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Rudi Arapahoe: Echoes from One to Another

img  Tobias

On the other hand, his intentions are far from the stereotypical desires of wanting to remain "anonymous." Rather, by stepping aside and allowing his pieces to breathe on their own accord, Arapahoe is merely reinforcing the aspect that music should be a two-way form of communication which can only truly touch the recipient if its author cares for meaning beyond his own, private world. "My music is a highly personal language imbued with transpersonal qualities." He puts his sentiments on the issues into words. "The work goes beyond me; therefore the music is my introduction. My cue to remain behind a curtain."

Words – they often get into the way whenever listeners, journalists and even artists themselves are trying to express their feelings that sounds are evoking deep within them. When Arapahoe described "Echoes
from One to Another" as "essentially classical ambient with a strong sense of narrative" in our first communication, I certainly wasn't expecting the albums diversified roster of field-recording-flooded drones, mediaeval lute fantasises, dreampop, poetry, folk, minimalist piano etudes and ethereal soundscapes. Rudi, on the other hand, finds it hard speaking about his work merely as the result of an interest in trying out different techniques. 

"I want to create powerful, beautiful and timeless works of art", he specifies his thoughts, "Dynamics and juxtaposition are the most appropriate tools I have at my disposal to forge this trinity." When I dwell upon the significance of the absence of the term "composed by Rudi Arapahoe" in the CD booklet (it is replaced by the more descriptive "conception"), he is quick to reply. "The term 'composed' would play down the complex relationships between the musicians and myself. I believe in experts and the inherent artistry of the performers. Therefore in truth, all of my work is collaborative. However I am not presenting a Utopian model of collaboration."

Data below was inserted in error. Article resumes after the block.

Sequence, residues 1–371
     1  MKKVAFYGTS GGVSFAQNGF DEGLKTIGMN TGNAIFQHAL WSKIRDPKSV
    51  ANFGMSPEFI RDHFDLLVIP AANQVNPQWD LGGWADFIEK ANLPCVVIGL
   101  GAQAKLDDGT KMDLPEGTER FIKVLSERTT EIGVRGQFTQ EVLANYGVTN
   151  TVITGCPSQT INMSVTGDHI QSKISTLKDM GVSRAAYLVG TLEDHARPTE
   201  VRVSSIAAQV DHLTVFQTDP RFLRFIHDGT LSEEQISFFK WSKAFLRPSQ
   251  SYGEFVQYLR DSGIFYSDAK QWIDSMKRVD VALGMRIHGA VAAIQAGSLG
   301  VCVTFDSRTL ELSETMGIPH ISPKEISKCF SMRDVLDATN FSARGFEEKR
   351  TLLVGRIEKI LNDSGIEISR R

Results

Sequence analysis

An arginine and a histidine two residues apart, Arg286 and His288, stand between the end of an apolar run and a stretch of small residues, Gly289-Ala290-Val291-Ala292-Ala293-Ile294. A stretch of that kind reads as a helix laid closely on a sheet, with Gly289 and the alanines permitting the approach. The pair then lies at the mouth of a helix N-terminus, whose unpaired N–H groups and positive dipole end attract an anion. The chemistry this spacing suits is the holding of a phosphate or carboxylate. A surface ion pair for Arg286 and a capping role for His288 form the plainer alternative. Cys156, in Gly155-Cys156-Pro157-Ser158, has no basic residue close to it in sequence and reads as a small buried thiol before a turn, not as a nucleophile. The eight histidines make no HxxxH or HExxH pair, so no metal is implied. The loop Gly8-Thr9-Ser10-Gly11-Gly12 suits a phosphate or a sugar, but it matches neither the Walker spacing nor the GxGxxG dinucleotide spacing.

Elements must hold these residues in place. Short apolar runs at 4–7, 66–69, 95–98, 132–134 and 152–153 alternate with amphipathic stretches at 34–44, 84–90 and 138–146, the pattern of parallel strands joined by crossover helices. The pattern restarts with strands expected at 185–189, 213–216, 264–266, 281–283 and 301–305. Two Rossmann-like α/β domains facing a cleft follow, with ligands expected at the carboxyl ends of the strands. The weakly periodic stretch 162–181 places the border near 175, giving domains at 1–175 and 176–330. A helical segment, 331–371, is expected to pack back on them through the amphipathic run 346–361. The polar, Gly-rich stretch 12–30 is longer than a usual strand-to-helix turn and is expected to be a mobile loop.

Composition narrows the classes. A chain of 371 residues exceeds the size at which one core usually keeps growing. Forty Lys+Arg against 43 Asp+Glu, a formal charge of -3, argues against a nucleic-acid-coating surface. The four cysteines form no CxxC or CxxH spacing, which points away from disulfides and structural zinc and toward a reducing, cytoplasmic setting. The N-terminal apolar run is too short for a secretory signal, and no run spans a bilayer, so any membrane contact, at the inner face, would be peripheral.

The line-up of the record is evidence to his interest in building his work from the artistic relationship with other performers. Musical partners on the album include guitarist Sean South, as well as the three female muses Kaithlin Howard, Sara Chambers and Eve Basilides on voice, voice and violin as well as voice and harp respectively. The input of pianist David Berger was particularly prominent on "Echoes from One to Another." "Stylistically, a listener may be able to distinguish between the marks we leave'" Rudi ponders, "Indeed there are recognisable ideas that interlock throughout the album; however in many ways these faint echoes simply question a notion and that notion is the of ownership of ideas."

Similarly, silence and noise are awarded new meaning not in absolute terms, but rather through their relative weighting. Arapahoe develops the idea when we touch upon the issue of the peaceful moods in Chinese gardens. "The gardens are most compelling when accessed directly from busy urban area. In my mind it's all about the threshold of your senses adjusting to the bombardment of stimuli followed by the relative paucity. So the Chinese garden is not necessarily quiet in the true sense of the word; but exceptionally quiet compared to the bustling city. Dynamics in music (and music mastering) could be suggested to function in a similar way." 

In the end, though, "Echoes from One to Another" doesn't work because of the inspired and spirited ideas at the heart of its compositional process, but rather because of its gentle oneiric pulse and the intimacy which Arapahoe allows to put up on display. Comparisons to Arvo Pärt don't quite seem representative, but they certainly point in the right direction, namely towards a style of zero frills and all emotional directness. You can call it "Classical Ambient," "Skull-Fucking" or even "Spherical Neoclassical Dreamscapes". But "Art" will do just fine as well.

Homepage: Rudi Arapahoe
Homepage: Symbolic Interaction Records

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